SURGERY FOR EARLY STAGE SMALL CELL LUNG CANCER
A 73-year-old gentleman with a past medical history of chronic obstructive pulmonary disease (COPD), hypertension (HTN), and a 50 pack-year cigarette smoking history presents to your office after a screening computed tomographic (CT) scan found a 1-cm mass in the right lung lower lobe. His primary care physician orders a percutaneous biopsy, which returns as small cell lung cancer (SCLC). What further workup does this patient need? Which subgroup of patients would be surgical candidates?
Understand the diagnostic workup for patients with SCLC.
How is SCLC staged, and what are the recent changes to the staging system?
What is the ideal treatment approach to patients with early stage SCLC?
In the United States, there are approximately 234,000 patients diagnosed with lung cancer annually, with only 10%-15% of cases being SCLC.1 Despite SCLC being less common, it is a particularly deadly and aggressive type of lung cancer, with patients often having metastatic disease at the time of diagnosis.2 SCLC has been traditionally staged as extensive stage (ES) or as limited stage (LS) disease; the purpose of this simple dichotomous staging system is to identify patients who may be candidates for local control of disease.3 The cornerstone of treatment for SCLC has been chemotherapy due to the majority of patients having ES disease at the time of diagnosis.4 The focus of this chapter is on patients with LS disease and what role surgery plays in the treatment of SCLC.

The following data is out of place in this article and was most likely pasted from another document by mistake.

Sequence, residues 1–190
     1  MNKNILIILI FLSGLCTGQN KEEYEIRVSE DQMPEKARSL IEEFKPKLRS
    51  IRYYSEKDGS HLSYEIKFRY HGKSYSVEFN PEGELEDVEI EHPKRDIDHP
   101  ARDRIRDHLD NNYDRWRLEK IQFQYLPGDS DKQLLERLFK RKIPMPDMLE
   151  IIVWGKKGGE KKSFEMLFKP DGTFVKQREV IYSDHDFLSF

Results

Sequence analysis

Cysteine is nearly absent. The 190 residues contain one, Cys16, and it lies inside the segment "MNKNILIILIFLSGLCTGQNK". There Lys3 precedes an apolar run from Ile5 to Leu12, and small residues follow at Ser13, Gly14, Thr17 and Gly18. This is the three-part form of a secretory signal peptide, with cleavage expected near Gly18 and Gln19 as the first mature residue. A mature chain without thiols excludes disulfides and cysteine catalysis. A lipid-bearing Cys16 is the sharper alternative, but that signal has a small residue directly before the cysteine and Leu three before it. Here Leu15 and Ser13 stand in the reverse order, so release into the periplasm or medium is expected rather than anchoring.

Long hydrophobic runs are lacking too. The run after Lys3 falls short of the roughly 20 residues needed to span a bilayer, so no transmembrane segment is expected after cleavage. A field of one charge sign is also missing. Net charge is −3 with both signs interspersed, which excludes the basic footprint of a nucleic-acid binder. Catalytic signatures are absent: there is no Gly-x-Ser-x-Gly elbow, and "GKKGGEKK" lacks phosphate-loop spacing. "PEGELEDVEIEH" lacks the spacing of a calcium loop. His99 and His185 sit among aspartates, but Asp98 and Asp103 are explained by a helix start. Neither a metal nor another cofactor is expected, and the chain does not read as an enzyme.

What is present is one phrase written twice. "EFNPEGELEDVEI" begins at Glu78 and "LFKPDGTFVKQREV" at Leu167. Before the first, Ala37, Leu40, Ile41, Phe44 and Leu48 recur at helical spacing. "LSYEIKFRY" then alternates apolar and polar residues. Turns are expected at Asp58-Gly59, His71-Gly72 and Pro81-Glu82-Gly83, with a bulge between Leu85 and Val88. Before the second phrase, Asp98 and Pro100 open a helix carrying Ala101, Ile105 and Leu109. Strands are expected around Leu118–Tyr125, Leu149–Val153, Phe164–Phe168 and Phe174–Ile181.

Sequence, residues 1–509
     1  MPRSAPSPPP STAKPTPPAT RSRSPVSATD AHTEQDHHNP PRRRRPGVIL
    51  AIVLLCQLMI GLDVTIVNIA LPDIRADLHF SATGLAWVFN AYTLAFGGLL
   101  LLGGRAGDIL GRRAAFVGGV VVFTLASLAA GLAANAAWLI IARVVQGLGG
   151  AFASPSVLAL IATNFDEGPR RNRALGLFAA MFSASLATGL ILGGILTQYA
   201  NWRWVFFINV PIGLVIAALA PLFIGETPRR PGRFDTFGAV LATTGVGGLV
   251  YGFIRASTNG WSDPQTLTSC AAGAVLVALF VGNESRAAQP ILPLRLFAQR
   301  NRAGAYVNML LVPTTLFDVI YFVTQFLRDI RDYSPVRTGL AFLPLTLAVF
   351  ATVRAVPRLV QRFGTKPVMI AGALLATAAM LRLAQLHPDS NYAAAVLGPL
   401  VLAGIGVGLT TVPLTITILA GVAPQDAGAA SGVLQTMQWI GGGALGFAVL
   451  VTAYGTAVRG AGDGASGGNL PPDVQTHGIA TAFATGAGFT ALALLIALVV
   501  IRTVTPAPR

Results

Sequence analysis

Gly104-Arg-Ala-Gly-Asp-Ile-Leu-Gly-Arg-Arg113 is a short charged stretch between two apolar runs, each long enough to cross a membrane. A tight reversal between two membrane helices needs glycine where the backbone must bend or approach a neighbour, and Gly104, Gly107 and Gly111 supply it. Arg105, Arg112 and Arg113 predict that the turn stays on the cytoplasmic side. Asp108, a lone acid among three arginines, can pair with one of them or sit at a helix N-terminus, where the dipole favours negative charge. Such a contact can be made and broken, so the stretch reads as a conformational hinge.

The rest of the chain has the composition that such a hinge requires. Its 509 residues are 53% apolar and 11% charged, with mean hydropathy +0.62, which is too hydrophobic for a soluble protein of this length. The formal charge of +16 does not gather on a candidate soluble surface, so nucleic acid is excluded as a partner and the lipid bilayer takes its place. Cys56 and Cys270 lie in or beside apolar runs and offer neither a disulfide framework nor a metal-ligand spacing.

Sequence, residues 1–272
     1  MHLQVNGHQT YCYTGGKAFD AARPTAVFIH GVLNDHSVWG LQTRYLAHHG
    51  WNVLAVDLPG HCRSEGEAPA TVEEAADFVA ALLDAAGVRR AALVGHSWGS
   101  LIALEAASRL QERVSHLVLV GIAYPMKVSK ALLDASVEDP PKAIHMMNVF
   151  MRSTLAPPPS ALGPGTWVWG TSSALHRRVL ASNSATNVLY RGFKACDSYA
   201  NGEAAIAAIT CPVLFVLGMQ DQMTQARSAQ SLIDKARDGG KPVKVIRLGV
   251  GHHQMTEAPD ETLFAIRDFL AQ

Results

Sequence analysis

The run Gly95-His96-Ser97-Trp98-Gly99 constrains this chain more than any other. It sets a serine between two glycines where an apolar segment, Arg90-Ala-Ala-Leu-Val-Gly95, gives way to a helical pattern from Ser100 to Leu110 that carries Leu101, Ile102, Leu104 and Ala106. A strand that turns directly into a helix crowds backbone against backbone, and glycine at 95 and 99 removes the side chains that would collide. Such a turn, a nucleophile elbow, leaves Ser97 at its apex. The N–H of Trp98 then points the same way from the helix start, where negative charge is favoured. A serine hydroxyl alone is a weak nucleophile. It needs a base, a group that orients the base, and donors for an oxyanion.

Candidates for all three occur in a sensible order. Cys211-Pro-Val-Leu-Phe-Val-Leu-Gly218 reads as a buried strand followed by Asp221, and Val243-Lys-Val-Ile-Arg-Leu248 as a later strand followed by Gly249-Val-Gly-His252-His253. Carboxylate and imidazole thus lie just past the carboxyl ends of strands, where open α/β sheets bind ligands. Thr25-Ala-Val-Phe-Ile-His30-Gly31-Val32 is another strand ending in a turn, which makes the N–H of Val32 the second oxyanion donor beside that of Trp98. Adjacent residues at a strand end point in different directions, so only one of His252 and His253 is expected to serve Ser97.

Unfortunately, for patients diagnosed with SCLC over two-thirds will have metastatic disease at the time of diagnosis.5 Symptoms of SCLC are typically broken down into either local or distant symptoms. Symptoms of local disease include shortness of breath, cough, hemoptysis, and chest pain. Symptoms of metastatic or advanced disease include weight loss, weakness, lymphadenopathy, and anorexia. In addition to the traditional symptoms mentioned, SCLC can present with a variety of paraneoplastic syndromes.6
Over two-thirds of patients with SCLC will have metastatic disease at the time of diagnosis.
Syndrome of Inappropriate Antidiuretic Hormone Secretion (SIADH): Affects approximately 15% of patients with SCLC. SIADH is characterized by hyponatremia along with high urine osmolality. This is caused by ectopic production of antidiuretic hormone. Symptoms and laboratory values typically improve with treatment of SCLC.6,7
Cushing Syndrome: Present in less than 5% of patients with SCLC, Cushing syndrome is caused by ectopic production of corticotropin.6 Symptoms can include obesity, hirsutism, glucose intolerance, and acne.
Lambert-Eaton Syndrome: Results in proximal muscle weakness and is caused by antibodies that target calcium channels.6
Screening CT scans have become increasingly more prevalent after the conclusion of the National Lung Screening Trial demonstrated a reduction of lung cancer mortality with the implementation of screening CT scans in at-risk patients.8...